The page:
Difference between Isolators and Sectionalizers in Power System

An isolator is a switch used in power lines, to completely open (physically) a specific section of line, when maintenance or modification work is to be done. The isolator can be operated manually, or in some cases, opened by energizing a motor. With a three-phase system, the isolator opens all three lines. A picture of Isolator is shown below to visualize.

A sectionalizer is an automatic switch, installed downstream of a recloser. The recloser is a feature provided in a circuit breaker, which opens when a short circuit occurs on the line such as a falling tree branch. Ordinarily, such short circuits clear themselves, for example by the branch falling to the ground.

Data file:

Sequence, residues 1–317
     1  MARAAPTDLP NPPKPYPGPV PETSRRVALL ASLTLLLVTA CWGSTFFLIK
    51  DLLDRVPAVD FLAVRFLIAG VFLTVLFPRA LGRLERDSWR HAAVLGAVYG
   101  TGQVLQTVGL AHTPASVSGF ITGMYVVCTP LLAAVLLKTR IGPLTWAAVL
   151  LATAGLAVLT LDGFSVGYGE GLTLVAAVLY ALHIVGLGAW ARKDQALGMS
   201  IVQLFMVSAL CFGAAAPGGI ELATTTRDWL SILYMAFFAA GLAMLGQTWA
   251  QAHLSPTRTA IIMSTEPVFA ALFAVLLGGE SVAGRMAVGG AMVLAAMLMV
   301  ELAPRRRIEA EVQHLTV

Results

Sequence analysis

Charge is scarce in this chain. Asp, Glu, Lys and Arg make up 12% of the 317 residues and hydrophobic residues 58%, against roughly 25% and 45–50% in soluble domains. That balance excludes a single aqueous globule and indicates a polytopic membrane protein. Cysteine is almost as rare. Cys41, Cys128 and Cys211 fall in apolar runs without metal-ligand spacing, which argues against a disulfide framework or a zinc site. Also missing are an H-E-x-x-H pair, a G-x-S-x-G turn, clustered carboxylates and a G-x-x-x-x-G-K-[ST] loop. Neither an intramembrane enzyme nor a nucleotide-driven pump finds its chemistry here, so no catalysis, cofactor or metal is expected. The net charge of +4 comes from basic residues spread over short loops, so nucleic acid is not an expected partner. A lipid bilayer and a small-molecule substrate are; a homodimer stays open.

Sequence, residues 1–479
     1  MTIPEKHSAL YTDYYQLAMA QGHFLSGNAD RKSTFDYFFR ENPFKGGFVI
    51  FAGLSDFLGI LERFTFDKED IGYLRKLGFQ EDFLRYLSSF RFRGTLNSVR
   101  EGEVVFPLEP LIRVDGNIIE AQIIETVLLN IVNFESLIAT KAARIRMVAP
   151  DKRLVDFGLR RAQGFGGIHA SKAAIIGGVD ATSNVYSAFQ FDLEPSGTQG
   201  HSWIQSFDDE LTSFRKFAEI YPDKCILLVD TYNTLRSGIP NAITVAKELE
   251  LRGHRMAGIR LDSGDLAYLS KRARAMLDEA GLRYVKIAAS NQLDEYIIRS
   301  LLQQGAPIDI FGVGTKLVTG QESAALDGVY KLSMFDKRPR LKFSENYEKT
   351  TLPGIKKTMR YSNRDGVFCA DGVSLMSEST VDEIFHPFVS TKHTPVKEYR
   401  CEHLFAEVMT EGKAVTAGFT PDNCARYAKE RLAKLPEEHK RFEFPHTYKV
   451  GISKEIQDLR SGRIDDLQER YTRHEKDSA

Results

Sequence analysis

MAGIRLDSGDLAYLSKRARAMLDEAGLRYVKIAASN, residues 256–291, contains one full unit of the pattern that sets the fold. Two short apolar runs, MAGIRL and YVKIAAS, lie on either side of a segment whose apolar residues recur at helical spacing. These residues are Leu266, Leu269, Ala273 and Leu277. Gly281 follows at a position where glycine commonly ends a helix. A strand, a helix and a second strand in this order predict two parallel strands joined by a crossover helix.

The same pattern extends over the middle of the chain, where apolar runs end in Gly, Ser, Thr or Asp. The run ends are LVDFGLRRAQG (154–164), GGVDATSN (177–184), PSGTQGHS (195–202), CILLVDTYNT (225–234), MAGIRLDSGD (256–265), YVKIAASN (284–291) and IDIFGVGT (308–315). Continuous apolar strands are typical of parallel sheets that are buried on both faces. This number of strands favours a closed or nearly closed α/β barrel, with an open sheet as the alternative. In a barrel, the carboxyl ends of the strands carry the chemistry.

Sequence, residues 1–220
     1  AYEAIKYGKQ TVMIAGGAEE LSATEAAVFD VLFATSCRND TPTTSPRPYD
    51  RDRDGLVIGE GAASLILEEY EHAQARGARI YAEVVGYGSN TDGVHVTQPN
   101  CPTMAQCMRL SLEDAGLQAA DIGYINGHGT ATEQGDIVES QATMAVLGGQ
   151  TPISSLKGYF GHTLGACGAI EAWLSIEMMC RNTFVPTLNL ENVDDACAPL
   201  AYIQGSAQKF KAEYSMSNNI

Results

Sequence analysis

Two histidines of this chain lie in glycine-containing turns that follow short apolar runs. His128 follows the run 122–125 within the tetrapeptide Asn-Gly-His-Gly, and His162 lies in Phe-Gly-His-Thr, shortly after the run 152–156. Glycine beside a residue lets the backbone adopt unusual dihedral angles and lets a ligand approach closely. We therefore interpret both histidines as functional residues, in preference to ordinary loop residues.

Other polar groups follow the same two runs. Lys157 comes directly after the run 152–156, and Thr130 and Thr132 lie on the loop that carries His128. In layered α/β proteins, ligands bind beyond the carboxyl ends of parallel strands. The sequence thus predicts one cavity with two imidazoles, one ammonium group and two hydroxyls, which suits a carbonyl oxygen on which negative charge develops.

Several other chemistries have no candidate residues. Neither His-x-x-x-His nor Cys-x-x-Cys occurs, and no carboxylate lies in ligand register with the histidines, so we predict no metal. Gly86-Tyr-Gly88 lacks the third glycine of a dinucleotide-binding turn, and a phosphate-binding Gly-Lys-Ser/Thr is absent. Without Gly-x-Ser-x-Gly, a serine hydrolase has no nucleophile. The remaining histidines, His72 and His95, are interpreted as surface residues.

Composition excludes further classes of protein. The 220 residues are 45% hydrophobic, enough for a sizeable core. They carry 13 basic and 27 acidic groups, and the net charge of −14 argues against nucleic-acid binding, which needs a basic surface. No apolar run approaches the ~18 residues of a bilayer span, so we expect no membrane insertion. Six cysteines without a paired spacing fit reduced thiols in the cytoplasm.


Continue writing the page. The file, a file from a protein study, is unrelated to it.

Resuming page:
Thus the recloser opens the circuit when the fault occurs, and after a short interval, re-closes itself and restores power to the system. A picture of sectionalizer is shown below to visualize.

However, not all short-circuit faults clear themselves. For example, a fallen branch may lie across the lines and not fall to the ground. A sectionalizer counts the successive openings and closings of the recloser, and after a pre-set number, it opens. Thus it isolates a particular section of line where a continuing fault exists, leaving most of the larger area protected by the recloser still with power.

So both of these are devices that isolate a portion of a power distribution system. But the first is a safety device, to protect people working on the lines. The second is an automatic device, to cut off power to a section where a continuing fault has occurred.

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